Incidental harassment, incidental taking and incidental, but not intentional, taking all mean an accidental taking. This does not mean that the taking is unexpected, but rather it includes those takings that are infrequent, unavoidable or accidental. (A complete definition of “take” is contained in §216.3).

Negligible impact is an impact resulting from the specified activity that cannot be reasonably expected to, and is not reasonably likely to, adversely affect the species or stock through effects on annual rates of recruitment or survival.

Small numbers means a portion of a marine mammal species or stock whose taking would have a negligible impact on that species or stock.

Specified activity means any activity, other than commercial fishing, that takes place in a specified geographical region and potentially involves the taking of small numbers of marine mammals.

Specified geographical region means an area within which a specified activity is conducted and that has certain biogeographic characteristics.

Unmitigable adverse impact means an impact resulting from the specified activity:

(1) That is likely to reduce the availability of the species to a level insufficient for a harvest to meet subsistence needs by:

(i) Causing the marine mammals to abandon or avoid hunting areas;

(ii) Directly displacing subsistence users; or

(iii) Placing physical barriers between the marine mammals and the subsistence hunters; and

(2) That cannot be sufficiently mitigated by other measures to increase the availability of marine mammals to allow subsistence needs to be met.

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§216.104   Submission of requests.

(a) In order for the National Marine Fisheries Service to consider authorizing the taking by U.S. citizens of small numbers of marine mammals incidental to a specified activity (other than commercial fishing), or to make a finding that an incidental take is unlikely to occur, a written request must be submitted to the Assistant Administrator. All requests must include the following information for their activity:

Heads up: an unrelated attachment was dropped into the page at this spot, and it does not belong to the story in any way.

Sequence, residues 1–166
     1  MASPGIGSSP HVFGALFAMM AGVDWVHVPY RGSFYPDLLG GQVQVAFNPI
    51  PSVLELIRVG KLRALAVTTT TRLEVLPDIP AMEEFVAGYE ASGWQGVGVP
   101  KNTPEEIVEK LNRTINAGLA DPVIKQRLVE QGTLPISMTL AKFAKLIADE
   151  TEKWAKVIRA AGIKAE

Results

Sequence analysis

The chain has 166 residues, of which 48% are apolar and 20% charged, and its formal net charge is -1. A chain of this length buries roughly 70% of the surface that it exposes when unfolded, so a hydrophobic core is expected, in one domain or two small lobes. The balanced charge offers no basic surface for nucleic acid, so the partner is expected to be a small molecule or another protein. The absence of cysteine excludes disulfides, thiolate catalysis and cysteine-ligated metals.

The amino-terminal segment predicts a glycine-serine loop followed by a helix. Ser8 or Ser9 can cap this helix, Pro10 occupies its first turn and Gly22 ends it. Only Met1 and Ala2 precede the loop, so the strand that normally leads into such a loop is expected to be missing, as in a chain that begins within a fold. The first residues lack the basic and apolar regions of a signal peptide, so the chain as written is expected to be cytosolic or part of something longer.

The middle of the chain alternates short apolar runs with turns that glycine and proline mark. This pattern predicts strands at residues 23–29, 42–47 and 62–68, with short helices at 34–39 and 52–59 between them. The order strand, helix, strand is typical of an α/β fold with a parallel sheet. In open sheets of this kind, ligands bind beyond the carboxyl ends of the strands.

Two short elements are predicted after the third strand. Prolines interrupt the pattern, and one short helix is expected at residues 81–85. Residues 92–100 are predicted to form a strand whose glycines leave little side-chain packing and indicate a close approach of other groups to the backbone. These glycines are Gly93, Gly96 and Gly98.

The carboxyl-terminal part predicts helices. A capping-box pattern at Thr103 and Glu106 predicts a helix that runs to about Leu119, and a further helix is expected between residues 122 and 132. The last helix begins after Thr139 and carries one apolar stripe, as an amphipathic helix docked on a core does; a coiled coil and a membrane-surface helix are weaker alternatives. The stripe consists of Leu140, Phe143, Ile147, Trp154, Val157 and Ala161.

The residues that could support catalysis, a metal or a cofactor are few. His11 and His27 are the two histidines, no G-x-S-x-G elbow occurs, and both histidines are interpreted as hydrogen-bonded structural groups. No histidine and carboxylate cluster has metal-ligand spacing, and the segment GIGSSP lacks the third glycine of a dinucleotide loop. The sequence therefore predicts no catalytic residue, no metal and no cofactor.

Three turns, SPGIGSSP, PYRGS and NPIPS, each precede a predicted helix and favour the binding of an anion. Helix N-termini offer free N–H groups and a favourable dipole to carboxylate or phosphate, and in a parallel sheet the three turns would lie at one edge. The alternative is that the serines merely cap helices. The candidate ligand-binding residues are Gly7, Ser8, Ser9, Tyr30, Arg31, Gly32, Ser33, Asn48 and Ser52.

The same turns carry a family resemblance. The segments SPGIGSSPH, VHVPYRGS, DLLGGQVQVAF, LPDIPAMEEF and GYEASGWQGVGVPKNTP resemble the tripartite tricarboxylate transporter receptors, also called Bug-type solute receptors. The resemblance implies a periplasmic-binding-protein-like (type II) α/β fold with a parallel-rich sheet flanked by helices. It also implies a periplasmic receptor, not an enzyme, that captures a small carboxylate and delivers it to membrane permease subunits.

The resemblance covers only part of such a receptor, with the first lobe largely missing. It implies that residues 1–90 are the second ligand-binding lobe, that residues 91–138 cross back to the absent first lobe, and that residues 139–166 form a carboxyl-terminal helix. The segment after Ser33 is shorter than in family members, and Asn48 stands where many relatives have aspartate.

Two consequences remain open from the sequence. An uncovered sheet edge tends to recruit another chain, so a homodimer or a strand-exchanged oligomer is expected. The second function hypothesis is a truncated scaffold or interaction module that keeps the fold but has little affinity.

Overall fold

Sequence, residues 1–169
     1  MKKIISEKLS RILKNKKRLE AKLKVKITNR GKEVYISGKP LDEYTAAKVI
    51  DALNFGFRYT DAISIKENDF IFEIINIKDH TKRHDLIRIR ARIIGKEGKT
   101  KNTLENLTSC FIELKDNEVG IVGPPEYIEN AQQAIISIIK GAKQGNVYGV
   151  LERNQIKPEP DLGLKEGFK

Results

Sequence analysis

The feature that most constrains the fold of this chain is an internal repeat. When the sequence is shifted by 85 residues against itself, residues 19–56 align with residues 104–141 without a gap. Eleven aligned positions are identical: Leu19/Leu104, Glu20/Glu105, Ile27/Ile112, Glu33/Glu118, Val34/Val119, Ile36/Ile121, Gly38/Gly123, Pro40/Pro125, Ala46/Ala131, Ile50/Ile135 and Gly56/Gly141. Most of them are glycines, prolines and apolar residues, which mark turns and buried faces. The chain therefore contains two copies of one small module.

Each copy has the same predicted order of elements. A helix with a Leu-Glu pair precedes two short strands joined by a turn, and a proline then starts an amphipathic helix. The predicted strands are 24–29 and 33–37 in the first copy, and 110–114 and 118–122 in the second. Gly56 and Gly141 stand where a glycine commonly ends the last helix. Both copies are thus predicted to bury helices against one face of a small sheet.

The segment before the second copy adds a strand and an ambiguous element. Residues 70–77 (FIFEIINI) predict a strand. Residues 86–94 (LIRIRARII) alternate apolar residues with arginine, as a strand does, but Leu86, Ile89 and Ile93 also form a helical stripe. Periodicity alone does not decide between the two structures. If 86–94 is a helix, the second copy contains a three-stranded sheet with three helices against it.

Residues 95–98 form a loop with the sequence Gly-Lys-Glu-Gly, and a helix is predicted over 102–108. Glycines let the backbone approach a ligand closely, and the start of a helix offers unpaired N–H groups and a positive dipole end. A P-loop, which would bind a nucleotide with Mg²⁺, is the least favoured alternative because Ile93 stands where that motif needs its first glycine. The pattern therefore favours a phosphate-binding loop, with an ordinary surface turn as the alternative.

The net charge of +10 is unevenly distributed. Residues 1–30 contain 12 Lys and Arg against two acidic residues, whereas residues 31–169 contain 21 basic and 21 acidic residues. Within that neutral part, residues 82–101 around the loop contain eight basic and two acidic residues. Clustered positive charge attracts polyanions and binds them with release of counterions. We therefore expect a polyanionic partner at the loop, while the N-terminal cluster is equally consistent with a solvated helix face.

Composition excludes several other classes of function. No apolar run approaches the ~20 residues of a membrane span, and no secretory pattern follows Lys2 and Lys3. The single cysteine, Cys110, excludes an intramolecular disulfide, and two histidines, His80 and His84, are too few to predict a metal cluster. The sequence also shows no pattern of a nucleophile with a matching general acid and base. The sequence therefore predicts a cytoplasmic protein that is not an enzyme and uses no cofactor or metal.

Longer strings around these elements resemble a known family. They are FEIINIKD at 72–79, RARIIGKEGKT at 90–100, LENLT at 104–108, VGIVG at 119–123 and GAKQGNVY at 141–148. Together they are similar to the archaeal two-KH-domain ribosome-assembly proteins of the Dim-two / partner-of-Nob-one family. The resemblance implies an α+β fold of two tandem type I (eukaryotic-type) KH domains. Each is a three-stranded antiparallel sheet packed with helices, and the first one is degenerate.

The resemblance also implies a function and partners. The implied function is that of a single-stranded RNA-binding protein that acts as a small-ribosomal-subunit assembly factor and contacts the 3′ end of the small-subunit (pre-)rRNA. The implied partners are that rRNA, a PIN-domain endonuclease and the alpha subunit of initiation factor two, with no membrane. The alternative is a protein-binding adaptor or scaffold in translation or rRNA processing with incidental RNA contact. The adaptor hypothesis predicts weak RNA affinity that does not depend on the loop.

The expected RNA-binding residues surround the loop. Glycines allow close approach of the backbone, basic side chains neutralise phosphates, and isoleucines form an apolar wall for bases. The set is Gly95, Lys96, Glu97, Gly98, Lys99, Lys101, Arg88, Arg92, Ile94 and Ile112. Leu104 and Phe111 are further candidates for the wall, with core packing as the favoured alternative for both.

(1) A detailed description of the specific activity or class of activities that can be expected to result in incidental taking of marine mammals;

(2) The date(s) and duration of such activity and the specific geographical region where it will occur;

(3) The species and numbers of marine mammals likely to be found within the activity area;

(4) A description of the status, distribution, and seasonal distribution (when applicable) of the affected species or stocks of marine mammals likely to be affected by such activities;

(5) The type of incidental taking authorization that is being requested (i.e., takes by harassment only; takes by harassment, injury and/or death) and the method of incidental taking;

(6) By age, sex, and reproductive condition (if possible), the number of marine mammals (by species) that may be taken by each type of taking identified in paragraph (a)(5) of this section, and the number of times such takings by each type of taking are likely to occur;

(7) The anticipated impact of the activity upon the species or stock of marine mammal;

(8) The anticipated impact of the activity on the availability of the species or stocks of marine mammals for subsistence uses;